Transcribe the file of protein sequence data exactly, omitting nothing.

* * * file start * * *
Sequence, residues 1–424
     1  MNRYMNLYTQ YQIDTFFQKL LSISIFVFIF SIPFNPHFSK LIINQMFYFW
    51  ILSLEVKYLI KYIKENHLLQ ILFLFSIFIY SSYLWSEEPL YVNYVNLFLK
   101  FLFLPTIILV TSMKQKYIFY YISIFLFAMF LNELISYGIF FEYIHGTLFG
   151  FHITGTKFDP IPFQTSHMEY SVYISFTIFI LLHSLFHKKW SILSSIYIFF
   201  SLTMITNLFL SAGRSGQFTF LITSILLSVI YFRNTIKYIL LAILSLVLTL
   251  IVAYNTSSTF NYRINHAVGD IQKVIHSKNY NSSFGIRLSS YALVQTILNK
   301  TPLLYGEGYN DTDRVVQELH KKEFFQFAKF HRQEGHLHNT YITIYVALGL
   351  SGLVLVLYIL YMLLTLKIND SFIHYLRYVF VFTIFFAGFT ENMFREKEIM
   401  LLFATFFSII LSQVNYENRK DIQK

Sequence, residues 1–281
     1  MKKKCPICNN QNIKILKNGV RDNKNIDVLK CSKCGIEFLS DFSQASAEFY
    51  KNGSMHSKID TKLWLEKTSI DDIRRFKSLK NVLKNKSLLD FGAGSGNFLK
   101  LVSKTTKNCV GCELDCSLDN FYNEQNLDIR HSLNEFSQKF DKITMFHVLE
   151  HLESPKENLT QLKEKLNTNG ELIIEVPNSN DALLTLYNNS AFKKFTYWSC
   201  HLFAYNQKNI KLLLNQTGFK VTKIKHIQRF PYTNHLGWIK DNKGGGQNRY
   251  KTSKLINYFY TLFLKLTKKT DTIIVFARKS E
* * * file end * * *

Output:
Sequence, residues 1–424
     1  MNRYMNLYTQ YQIDTFFQKL LSISIFVFIF SIPFNPHFSK LIINQMFYFW
    51  ILSLEVKYLI KYIKENHLLQ ILFLFSIFIY SSYLWSEEPL YVNYVNLFLK
   101  FLFLPTIILV TSMKQKYIFY YISIFLFAMF LNELISYGIF FEYIHGTLFG
   151  FHITGTKFDP IPFQTSHMEY SVYISFTIFI LLHSLFHKKW SILSSIYIFF
   201  SLTMITNLFL SAGRSGQFTF LITSILLSVI YFRNTIKYIL LAILSLVLTL
   251  IVAYNTSSTF NYRINHAVGD IQKVIHSKNY NSSFGIRLSS YALVQTILNK
   301  TPLLYGEGYN DTDRVVQELH KKEFFQFAKF HRQEGHLHNT YITIYVALGL
   351  SGLVLVLYIL YMLLTLKIND SFIHYLRYVF VFTIFFAGFT ENMFREKEIM
   401  LLFATFFSII LSQVNYENRK DIQK

Sequence, residues 1–281
     1  MKKKCPICNN QNIKILKNGV RDNKNIDVLK CSKCGIEFLS DFSQASAEFY
    51  KNGSMHSKID TKLWLEKTSI DDIRRFKSLK NVLKNKSLLD FGAGSGNFLK
   101  LVSKTTKNCV GCELDCSLDN FYNEQNLDIR HSLNEFSQKF DKITMFHVLE
   151  HLESPKENLT QLKEKLNTNG ELIIEVPNSN DALLTLYNNS AFKKFTYWSC
   201  HLFAYNQKNI KLLLNQTGFK VTKIKHIQRF PYTNHLGWIK DNKGGGQNRY
   251  KTSKLINYFY TLFLKLTKKT DTIIVFARKS E